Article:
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September 22, 2014

Nature's Liquid Gold: Honey

Honey ImageWhether you’re using the word “honey” to describe a golden syrup or Winnie the Pooh’s favorite food, the word just sounds good, doesn’t it? Last time we looked no one was calling anyone “agave” as a term of endearment. 

September is National Honey Month. We know from our history lessons on the internet that honey has been a crowd pleaser since ancient days, long before Honey Boo Boo twirled onto the stage. (The name “honey” for a girl has jumped in popularity in the last two years, according to some sources. Coincidence? We think not.)

Honey is so popular that it brings along its own concerns and controversy: Should there be a standard of identity? (Currently under federal consideration.) Is raw honey more nutritious? (Depends on whom you ask.) And will bees be able to survive at all as they face constant new health threats? (Fingers crossed.)

Obviously the interest in honey is part of the natural/wholesome/health food movement even though it’s been around since ancient times when Greek poet Euripides praised the combo of honey and cheese – the first cheesecake. At mega-markets such as Jungle Jim’s International Market in Cincinnati, honey commands its own department – with more than 100 kinds of honey products. The National Honey Board says that consumption is up to nearly 450 million pounds from 410 million pounds in 2010, with 1.3 pounds consumed per capita.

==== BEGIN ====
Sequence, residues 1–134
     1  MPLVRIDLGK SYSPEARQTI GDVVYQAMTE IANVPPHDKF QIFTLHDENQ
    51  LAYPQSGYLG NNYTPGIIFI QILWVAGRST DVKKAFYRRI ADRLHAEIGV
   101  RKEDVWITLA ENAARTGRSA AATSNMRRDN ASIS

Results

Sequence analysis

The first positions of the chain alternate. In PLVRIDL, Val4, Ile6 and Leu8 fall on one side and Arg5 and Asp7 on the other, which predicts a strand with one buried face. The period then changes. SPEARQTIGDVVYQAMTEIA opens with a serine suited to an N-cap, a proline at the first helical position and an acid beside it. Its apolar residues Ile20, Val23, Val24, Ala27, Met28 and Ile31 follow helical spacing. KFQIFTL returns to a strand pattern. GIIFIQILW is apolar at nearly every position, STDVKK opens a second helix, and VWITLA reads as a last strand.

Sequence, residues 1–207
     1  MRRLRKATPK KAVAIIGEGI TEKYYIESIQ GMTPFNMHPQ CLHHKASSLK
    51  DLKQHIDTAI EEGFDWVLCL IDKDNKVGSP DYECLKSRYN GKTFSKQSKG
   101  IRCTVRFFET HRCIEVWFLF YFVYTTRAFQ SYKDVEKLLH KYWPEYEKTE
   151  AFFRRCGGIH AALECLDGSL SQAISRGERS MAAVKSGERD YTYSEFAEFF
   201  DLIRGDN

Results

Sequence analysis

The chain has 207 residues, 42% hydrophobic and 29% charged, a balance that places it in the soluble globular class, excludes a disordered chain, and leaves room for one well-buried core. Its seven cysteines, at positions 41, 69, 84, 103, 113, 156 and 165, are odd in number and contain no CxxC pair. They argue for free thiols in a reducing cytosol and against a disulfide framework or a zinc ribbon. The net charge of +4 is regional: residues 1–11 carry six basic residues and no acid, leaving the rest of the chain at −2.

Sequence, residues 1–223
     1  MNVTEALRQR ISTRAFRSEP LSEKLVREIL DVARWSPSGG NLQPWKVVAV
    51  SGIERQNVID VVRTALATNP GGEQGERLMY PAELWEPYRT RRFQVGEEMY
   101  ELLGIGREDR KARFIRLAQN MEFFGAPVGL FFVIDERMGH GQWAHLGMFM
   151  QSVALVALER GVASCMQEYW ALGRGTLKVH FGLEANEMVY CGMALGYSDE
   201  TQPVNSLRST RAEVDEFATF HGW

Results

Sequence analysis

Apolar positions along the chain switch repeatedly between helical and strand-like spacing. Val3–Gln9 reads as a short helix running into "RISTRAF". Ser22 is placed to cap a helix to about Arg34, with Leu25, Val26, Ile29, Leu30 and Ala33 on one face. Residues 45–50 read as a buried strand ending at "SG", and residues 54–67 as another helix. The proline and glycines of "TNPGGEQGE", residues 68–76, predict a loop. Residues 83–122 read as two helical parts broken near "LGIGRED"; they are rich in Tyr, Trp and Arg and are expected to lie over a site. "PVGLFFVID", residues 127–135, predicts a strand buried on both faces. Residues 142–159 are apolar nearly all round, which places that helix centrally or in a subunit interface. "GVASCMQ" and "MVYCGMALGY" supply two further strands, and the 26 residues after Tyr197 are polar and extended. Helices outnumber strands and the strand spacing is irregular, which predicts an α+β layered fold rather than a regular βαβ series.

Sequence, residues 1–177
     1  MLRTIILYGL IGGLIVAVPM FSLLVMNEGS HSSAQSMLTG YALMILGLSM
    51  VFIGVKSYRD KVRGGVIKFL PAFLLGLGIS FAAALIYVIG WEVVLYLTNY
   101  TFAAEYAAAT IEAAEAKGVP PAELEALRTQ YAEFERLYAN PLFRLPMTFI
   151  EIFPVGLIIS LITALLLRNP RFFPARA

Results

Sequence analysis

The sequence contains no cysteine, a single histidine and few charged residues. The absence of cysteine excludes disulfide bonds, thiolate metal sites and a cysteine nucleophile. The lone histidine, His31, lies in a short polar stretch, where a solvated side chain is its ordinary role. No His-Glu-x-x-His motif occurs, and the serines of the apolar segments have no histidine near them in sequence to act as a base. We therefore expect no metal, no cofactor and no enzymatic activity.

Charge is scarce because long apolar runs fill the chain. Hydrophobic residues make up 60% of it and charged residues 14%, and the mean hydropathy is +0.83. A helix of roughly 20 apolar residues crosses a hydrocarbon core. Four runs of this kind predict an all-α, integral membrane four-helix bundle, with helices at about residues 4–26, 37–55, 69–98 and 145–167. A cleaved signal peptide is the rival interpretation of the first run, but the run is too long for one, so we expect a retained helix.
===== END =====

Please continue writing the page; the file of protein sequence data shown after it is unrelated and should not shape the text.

Although the consumer might think each jar of honey is no big deal – tell that to the bee. According to the National Honey Board, the bees in a hive may visit two million flowers to gather enough nectar to make one pound of honey. As they collect the nectar, the pollen sticks to a sac at the back of their legs. (Hence the expression “the bee’s knees,” which meant “cool” back in granny’s day.). The pollen is stored to feed the baby bees once the bee returns from his foraging journey, pollinating flowers and crops along the way. If the bee finds a particularly good floral patch, he dances to let his bee friends know. Honey, like coffee, can be single origin, sourced from one kind of blossom or it can be blended from several kinds.

After the nectar naturally breaks down into sugars in the honeycombs, those busy little bees help the process along by fanning their wings which causes evaporation. Those bees are clever as well as smart – they also make a wax comb to seal off each cell.

Once the honey is collected, it’s often warmed and filtered to remove any impurities. These days consumers are using honey in more ways than ever - as a substitute for sugar, to drizzle on Greek yogurt – but the tried and true serving method is as popular as ever, whether as a balm for sore throats, or to enhance the sweetness of that cuppa of tea.  

There are 300 kinds of honey available from floral sources as unique as Borage and Brazilian pepper, which gives honey the subtleties in flavor of a fine wine. Dare we say it? Sure, why not? Honey really is “the bee’s knees.”

 

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